Do 7-year-old children understand social leverage?

Alejandro Sánchez-Amaro, Shona Duguid, Josep Call, Michael Tomasello

Research output: Contribution to journalArticlepeer-review


Individuals with an advantageous position during a negotiation possess leverage over their partners. Several studies with adults have investigated how leverage can influence the coordination strategies of individuals when conflicts of interest arise. In this study, we explored how pairs of 7-year-old children solved a coordination game (based on the Snowdrift scenario) when one child had leverage over the other child. We presented a social dilemma in the form of an unequal reward distribution on a rotating tray. The rotating tray could be accessed by both children. The child who waited longer to act received the best outcome, but if both children waited too long, they would lose the rewards. In addition, one child could forgo the access to the rotating tray for an alternative option—the leverage. Although children rarely used their leverage strategically, children with access to the alternative were less likely to play the social dilemma, especially when their leverage was larger. Furthermore, children waited longer to act as the leverage decreased. Finally, children almost never failed to coordinate. The results hint to a trade-off between maximizing benefits while maintaining long-term collaboration in complex scenarios where strategies such as turn taking are hard to implement.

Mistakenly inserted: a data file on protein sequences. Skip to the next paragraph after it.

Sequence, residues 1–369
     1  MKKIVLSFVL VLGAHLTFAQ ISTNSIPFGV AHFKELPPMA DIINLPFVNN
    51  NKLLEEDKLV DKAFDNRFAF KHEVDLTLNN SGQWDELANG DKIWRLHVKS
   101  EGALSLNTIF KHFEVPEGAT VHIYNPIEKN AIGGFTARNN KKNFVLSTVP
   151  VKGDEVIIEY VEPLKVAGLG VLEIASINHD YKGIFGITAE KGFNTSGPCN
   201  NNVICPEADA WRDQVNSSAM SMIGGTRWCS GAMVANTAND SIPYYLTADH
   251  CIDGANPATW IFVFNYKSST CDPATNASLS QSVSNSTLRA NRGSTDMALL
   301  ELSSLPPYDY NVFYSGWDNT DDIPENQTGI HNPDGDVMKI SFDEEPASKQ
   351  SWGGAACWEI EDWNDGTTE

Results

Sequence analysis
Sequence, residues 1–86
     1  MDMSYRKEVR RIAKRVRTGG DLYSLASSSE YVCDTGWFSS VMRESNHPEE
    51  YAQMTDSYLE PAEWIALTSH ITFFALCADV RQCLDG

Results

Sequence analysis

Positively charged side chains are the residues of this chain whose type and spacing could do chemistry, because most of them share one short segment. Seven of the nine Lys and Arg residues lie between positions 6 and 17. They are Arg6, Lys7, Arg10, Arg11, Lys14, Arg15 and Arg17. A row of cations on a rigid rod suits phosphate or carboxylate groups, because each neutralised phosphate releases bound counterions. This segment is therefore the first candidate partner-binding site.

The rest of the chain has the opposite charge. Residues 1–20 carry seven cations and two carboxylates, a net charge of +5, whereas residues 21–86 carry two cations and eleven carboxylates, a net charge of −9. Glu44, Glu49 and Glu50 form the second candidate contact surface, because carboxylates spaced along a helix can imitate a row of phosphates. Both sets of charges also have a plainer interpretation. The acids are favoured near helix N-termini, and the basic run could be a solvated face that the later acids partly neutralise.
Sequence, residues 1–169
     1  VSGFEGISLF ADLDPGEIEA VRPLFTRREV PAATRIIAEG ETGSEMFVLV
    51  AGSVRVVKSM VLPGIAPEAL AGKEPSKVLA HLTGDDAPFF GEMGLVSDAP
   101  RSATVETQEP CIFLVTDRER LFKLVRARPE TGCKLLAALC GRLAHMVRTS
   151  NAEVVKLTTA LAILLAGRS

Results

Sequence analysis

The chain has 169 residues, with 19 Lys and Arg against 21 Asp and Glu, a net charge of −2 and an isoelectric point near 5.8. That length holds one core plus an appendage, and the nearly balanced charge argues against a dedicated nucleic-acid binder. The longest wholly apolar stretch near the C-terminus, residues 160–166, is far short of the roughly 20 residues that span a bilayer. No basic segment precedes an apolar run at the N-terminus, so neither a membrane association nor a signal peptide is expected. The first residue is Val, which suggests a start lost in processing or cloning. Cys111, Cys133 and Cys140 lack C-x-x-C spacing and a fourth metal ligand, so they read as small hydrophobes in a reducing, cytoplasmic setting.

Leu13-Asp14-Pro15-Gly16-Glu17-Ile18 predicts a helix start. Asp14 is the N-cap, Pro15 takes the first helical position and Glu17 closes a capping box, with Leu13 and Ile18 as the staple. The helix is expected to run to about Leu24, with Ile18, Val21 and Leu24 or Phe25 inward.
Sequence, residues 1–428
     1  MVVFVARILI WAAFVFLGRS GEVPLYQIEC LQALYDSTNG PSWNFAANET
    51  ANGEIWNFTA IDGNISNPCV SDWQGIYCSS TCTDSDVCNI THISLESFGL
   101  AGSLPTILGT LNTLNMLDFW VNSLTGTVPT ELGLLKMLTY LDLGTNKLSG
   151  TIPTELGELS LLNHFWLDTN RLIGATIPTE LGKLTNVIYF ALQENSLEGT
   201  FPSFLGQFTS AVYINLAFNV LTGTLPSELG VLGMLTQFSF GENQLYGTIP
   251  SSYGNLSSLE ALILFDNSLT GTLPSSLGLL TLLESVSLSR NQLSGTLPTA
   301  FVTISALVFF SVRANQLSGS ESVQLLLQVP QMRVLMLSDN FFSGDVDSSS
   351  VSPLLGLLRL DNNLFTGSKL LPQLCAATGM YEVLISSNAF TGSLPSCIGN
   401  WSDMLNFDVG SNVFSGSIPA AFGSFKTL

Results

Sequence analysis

Original languageEnglish
Article number104963
JournalJournal of Experimental Child Psychology
Early online date6 Aug 2020
Publication statusPublished - Nov 2020


  • Leverage
  • Conflict of interest
  • Cooperation
  • Children


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